Delaysensitive applications may require higher priority than others

© 2004 Cisco Systems, Inc. All rights re bcran v2.1—10-15

Complete these steps when you are choosing a Cisco IOS queuing option:

Step 1 Determine whether the WAN is congested.

If traffic does not back up, there is no need to prioritize it. The traffic is serviced as it arrives. However, if the load exceeds the transmission capacity for periods of time, you may want to prioritize the traffic with one of the Cisco IOS queuing options.

Step 2 Decide whether strict control over traffic prioritization is necessary and whether automatic configuration is acceptable.

Proper queuing configuration is a nontrivial task. The network manager must study the traffic types traversing the interface, determine how to classify them, and decide on their relative priority. The manager must install the filters and test their effect on the traffic. Traffic patterns change over time, so the analysis must be repeated periodically.

Step 3 Establish a queuing policy.

A queuing policy results from the analysis of traffic patterns and the determination of relative traffic priorities discussed in Step 2.

Step 4 Determine whether any of the traffic types identified in your traffic pattern analysis can tolerate a delay. Typically, voice and video have the lowest tolerance for delay.

The table illustrates the typical queuing options a network administrator would choose from when determining how to best implement a queuing policy.

Queuing Options

Queuing Type



FIFO queuing is simply sending packets out of an interface in the order in which they arrived.


Priority queuing (PQ) defines four priorities of traffic—high, normal, medium, and low—on a given interface. As traffic comes into the router, it is assigned to one of the four output queues. Packets on the highest-priority queue are transmitted first; packets on the next highest-priority queue are transmitted second; and so on.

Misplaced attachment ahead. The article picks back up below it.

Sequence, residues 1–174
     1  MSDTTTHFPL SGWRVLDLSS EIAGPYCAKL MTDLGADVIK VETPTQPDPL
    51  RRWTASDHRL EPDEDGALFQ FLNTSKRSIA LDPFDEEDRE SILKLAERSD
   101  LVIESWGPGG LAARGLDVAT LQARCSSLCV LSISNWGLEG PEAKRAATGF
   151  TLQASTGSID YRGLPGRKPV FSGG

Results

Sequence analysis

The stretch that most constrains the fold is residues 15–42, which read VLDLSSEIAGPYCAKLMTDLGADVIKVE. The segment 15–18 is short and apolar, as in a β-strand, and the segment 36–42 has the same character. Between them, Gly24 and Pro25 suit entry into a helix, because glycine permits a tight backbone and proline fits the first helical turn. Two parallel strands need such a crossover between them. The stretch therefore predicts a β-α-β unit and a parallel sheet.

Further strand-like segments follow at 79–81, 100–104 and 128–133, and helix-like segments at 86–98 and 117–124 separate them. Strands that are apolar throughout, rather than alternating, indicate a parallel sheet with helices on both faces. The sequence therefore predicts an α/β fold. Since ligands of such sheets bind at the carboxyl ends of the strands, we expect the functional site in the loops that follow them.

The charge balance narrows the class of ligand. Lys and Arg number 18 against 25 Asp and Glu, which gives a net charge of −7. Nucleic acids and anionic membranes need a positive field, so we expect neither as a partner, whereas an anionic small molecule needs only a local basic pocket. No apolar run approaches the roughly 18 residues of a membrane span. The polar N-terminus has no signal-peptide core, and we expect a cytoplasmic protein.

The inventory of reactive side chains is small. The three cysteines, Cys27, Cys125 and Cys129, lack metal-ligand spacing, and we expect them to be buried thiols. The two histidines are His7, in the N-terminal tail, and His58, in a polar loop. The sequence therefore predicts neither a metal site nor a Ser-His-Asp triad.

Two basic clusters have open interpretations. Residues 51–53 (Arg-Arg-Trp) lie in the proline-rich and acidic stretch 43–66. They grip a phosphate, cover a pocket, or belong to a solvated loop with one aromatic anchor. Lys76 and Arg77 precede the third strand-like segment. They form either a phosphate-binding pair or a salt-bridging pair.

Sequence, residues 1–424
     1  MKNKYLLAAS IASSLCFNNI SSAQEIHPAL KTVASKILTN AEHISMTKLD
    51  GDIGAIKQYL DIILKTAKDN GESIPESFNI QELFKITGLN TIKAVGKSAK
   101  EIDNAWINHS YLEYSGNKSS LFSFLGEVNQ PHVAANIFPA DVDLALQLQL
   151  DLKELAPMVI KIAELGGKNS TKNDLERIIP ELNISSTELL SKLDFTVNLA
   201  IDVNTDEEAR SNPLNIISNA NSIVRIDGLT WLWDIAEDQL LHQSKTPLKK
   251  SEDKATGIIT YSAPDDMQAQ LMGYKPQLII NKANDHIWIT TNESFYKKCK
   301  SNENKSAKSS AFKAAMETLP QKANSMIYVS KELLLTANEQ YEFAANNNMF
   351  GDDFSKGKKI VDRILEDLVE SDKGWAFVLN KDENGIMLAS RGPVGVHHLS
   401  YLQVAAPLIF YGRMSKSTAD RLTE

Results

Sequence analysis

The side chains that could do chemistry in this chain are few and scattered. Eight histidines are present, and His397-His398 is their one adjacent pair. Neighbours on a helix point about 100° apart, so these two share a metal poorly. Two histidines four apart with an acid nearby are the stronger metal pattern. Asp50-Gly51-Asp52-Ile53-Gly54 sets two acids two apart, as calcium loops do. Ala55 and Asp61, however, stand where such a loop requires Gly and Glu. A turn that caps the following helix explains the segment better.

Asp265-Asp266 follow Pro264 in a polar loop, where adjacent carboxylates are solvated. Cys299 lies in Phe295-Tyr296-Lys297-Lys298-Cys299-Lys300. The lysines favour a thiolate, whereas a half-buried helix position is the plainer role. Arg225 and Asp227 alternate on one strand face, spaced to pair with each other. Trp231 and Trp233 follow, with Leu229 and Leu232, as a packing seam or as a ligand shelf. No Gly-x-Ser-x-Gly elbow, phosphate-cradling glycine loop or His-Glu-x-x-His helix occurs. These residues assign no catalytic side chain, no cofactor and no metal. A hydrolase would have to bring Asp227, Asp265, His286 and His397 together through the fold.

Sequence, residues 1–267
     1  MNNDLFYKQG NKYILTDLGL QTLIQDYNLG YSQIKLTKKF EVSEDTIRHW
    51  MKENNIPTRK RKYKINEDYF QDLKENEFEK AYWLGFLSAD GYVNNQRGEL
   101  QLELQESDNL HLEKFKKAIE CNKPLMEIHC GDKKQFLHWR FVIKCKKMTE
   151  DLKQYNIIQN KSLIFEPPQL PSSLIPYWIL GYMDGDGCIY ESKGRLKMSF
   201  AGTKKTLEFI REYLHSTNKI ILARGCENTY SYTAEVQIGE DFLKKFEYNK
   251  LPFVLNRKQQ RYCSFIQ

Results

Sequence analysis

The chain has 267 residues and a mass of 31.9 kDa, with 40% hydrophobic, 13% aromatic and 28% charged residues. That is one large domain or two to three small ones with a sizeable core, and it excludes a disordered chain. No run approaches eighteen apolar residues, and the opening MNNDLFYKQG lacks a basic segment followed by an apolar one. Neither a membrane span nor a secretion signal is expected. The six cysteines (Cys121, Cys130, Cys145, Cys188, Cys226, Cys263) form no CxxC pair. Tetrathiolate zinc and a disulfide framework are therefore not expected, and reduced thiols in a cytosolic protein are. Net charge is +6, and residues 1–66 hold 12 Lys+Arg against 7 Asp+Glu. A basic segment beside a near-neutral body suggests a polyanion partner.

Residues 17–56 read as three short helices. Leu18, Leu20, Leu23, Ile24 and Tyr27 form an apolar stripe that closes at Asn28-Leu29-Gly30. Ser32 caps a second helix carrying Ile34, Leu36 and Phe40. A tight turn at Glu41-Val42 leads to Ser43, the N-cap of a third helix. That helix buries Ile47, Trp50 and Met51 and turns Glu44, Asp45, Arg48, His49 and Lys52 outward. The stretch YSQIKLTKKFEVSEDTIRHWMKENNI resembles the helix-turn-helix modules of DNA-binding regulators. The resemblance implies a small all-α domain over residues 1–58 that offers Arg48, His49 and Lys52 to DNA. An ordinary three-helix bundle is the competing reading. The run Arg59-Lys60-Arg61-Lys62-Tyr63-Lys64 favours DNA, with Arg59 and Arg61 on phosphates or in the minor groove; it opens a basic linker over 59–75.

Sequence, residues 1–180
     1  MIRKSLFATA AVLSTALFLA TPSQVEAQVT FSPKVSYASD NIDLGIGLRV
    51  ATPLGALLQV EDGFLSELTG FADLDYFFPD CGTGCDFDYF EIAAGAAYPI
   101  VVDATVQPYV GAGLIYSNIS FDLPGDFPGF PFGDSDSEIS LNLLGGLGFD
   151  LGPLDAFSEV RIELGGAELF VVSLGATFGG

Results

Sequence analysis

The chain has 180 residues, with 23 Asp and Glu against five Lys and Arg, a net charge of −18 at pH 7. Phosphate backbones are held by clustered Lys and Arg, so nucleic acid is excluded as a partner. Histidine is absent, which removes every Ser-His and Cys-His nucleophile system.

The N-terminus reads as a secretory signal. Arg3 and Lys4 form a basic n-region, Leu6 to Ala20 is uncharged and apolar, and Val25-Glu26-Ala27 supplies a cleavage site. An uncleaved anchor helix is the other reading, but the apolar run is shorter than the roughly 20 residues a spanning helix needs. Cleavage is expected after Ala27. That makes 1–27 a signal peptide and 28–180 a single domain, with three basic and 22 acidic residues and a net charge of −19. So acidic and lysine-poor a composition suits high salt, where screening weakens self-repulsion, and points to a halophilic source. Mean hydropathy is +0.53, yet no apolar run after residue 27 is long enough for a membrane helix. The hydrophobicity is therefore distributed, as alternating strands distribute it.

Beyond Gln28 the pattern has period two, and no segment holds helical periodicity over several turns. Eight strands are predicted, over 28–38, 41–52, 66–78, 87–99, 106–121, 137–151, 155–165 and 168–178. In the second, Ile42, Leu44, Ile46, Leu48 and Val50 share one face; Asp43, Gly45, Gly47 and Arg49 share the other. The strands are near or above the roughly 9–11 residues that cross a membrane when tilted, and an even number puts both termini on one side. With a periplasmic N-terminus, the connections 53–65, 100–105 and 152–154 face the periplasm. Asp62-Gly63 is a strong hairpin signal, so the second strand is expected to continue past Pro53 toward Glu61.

Custom queuing (CQ) reserves a percentage of bandwidth for specified protocols. Up to 16 output queues can be configured for normal data and an additional queue can be created for system messages such as LAN keepalives. Each queue is serviced sequentially, by transmitting a configurable percentage of traffic and then moving on to the next queue.


WFQ provides traffic management that dynamically prioritizes traffic into conversations, or flows, based on Layer 3 or 4 information. It then breaks up a stream of packets within each conversation to ensure that bandwidth is shared equally between individual conversations.


CBWFQ defines traffic classes, typically using access control lists (ACLs), and then applies parameters, such as bandwidth and queue-limits, to these classes. The bandwidth assigned to a class is used to calculate the "weight" of that class. The weight of each packet that matches the class criteria is also calculated. WFQ is then applied to the classes, which can include several flows, rather than to the flows themselves.


LLQ provides strict PQ for CBWFQ, reducing jitter in voice conversations. Strict PQ gives delay-sensitive data, such as voice, preferential treatment over other traffic. With this feature, delay-sensitive data is sent first, before packets in other queues are treated. Low latency queuing is also called PQ/CBWFQ because it is a combination of the two techniques.

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